– Brittany Jackson, Words Alive Westreich Scholarship Student

From left to right: Words Alive Operations Directior Chrissy Green Califf, Words Alive Westreich Scholarship Student Brittany Jackson, and Words Alive Volunteer Mentor Sarah Archibald. Chrissy and Sarah made the journey up to UC Santa Cruz for Brittany's graduation! 

From left to right: Words Alive Operations Directior Chrissy Green Califf, Words Alive Westreich Scholarship Student Brittany Jackson, and Words Alive Volunteer Mentor Sarah Archibald. Chrissy and Sarah made the journey up to UC Santa Cruz for Brittany's graduation! 

The Words Alive Teen Services Program attempts to engage students from Momentum Learning (formerly Juvenile Court and Community Schools) in literacy, reading and education in a variety of ways: through a monthly book club, writing and career readiness workshops and a scholarship program.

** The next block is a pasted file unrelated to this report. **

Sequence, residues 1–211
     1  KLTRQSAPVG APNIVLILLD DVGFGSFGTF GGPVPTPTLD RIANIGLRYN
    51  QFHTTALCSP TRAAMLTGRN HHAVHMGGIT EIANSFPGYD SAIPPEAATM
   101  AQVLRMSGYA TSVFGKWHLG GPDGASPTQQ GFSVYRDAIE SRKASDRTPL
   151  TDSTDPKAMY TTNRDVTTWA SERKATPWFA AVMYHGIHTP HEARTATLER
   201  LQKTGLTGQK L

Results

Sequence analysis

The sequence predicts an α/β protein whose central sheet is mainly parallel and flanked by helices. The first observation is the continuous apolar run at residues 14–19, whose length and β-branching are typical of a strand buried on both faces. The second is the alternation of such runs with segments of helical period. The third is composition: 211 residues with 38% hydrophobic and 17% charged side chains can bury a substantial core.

In 2007, San Diego philanthropist Ruth Westreich created the Words Alive Westreich Scholarship Program, with the first scholarships awarded the following year. The program awards scholarships to Words Alive Adolescent Book Group participants to support them in their pursuit of higher education at the college or vocational level. Unlike other scholarship programs, which typically fund only tuition, books and educational supplies, each recipient is eligible to receive funds to cover the cost of rent, food, childcare, clothing, travel and other living expenses. Additionally, the program matches each recipient with a mentor. Student and mentor meet regularly throughout the school year, and the mentors provide guidance, direction, and often, a shoulder to lean on.